Today, the fourth, has been no less of an adventure, with a trip to ABC Carpet and Home (warning: takes hours to devour) and Fish’s Eddy (warning: Marshall, I sent you something). Dinner was at Paul and Jimmy’s, which is a perfect, quiet, reasonably priced local Flatiron haunt.
I’m learning the neighborhoods, how to keep my bearings (N, S, E, W), have four books to read, and two assignments weekly, plus a large paper due on the fourth week to keep me busy. I’ve never been the best student, but I sheepishly admit that I hope the more relative standards of the East Coast will bear in favor of my grade. I have two flatmates, May and Aliah (more on them later) and a dorm the size of a postage stamp. Also, have met several neat classmates; there are 18 in my class total and while we are a smorgasbord of individuals, I think it is a lovely sampling of experiences, and we have an excellent instructor who seems to be able to pull it all together and values every one’s ideas individually.
I have a theory about the Bachelor/Bachelorette series on ABC. I’ve always speculated that the Bachelor relationships will never last, because men are hunters, and in that show they are being hunted. It’s not in a man’s nature to find himself caught, and happy being there.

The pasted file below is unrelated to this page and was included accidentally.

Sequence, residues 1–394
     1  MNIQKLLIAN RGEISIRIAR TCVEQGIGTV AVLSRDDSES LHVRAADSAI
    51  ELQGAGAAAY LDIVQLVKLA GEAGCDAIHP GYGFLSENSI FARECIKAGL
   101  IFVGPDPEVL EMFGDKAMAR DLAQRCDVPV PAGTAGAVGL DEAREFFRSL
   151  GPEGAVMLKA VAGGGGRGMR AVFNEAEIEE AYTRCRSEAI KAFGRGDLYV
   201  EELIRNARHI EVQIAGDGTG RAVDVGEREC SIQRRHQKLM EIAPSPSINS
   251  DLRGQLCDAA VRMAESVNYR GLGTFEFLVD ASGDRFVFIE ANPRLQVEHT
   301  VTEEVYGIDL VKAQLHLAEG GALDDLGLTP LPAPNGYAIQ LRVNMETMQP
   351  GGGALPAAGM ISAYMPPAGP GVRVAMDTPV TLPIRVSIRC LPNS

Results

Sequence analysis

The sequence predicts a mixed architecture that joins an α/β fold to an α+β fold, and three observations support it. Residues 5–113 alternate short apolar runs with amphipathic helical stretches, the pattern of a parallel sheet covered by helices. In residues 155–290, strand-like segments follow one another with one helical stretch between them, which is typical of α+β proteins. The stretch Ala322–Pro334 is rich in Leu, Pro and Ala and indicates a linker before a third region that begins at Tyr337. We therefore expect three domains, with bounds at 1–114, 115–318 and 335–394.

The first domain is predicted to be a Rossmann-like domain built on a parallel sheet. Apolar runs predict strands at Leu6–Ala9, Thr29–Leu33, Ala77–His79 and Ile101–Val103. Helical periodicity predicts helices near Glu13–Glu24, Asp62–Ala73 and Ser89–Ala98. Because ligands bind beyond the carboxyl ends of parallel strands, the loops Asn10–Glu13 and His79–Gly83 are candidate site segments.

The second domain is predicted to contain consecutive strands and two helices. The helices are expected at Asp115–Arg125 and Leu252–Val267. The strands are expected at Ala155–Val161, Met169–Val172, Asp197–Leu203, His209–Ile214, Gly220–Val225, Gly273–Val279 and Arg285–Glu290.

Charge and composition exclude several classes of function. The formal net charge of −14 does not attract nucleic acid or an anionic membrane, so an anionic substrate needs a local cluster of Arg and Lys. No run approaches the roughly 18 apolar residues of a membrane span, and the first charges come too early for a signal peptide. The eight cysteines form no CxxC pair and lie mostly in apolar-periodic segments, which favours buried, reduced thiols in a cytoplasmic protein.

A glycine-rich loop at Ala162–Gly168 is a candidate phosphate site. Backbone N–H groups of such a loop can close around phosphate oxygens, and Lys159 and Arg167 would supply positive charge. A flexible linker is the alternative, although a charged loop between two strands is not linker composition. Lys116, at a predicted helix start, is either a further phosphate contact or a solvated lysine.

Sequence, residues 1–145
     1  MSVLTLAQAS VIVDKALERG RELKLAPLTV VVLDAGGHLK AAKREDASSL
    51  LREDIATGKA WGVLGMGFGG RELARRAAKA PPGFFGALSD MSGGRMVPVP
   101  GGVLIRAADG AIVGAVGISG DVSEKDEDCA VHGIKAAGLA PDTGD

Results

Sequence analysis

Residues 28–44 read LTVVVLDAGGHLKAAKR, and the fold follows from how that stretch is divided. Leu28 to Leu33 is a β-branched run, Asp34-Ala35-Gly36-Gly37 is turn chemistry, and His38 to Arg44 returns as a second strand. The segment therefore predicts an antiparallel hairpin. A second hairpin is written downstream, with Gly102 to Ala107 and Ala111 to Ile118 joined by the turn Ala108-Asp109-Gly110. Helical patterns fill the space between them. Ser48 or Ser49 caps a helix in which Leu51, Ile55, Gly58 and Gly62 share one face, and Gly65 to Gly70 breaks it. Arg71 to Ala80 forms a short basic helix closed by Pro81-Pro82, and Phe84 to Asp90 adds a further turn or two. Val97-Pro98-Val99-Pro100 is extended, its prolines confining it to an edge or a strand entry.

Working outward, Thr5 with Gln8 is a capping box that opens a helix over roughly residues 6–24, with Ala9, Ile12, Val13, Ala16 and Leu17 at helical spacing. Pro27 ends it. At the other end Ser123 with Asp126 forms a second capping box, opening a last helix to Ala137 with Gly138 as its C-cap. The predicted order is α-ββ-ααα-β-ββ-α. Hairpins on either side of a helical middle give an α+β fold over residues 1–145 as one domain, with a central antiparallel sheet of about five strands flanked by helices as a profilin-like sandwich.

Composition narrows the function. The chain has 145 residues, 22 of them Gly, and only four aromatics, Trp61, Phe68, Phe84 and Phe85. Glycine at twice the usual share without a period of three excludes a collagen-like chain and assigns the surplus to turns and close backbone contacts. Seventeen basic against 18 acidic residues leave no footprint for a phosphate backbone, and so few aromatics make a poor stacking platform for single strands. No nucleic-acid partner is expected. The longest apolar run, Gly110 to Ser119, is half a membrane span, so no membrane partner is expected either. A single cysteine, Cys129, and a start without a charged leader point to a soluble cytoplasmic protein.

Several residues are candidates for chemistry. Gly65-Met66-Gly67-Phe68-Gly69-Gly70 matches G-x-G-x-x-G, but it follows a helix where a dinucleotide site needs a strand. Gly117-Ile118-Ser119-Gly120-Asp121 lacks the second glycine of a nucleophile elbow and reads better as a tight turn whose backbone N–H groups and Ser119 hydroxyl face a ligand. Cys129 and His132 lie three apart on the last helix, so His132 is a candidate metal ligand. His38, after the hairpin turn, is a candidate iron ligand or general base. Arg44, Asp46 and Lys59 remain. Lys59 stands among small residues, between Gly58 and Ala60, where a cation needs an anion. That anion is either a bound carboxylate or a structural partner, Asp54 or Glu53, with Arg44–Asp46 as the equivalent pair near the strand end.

On the Bachelorette series, however, the guys are doing the hunting. The prime piece of prey is the prize, and if they catch her, they get to keep her. I never really thought about it before, but if this is true, then when the Bachelor is taking his pick between the last two women, he’s never going to pick love. He’s going to pick game, so that he can keep hunting, even if deep down he really does love one of those girls. I guess men love challenge, and they’re always going to make selections accordingly. So what does the Bachelorette pick? Love? Game? Security?
Ok, if everyone else is going to have a top ten, I’m going to, too… In no particular order…
- Sister Hazel – Champagne High
- Bob Seger – Chances Are
- Lynyrd Skynyrd – Sweet Home Alabama
- Lori Morgan – Looking for Something in Red
- Diamond Rio – Just Another Heart
- Aerosmith – Pink
- Jackopierce – Vineyard
- Bobby Darin – Mack the Knife
- Clint Black – Bad Goodbye
- Counting Crows – Ordinary Girl
- And really, it’s too hard to limit it to 10…Guns and Roses – November Rain
- Matchbox 20 – Beautiful Girl
- Sting – I’ll Be Watching You (and anything by Sting, for that matter)
- White Lion – You’re All I Need.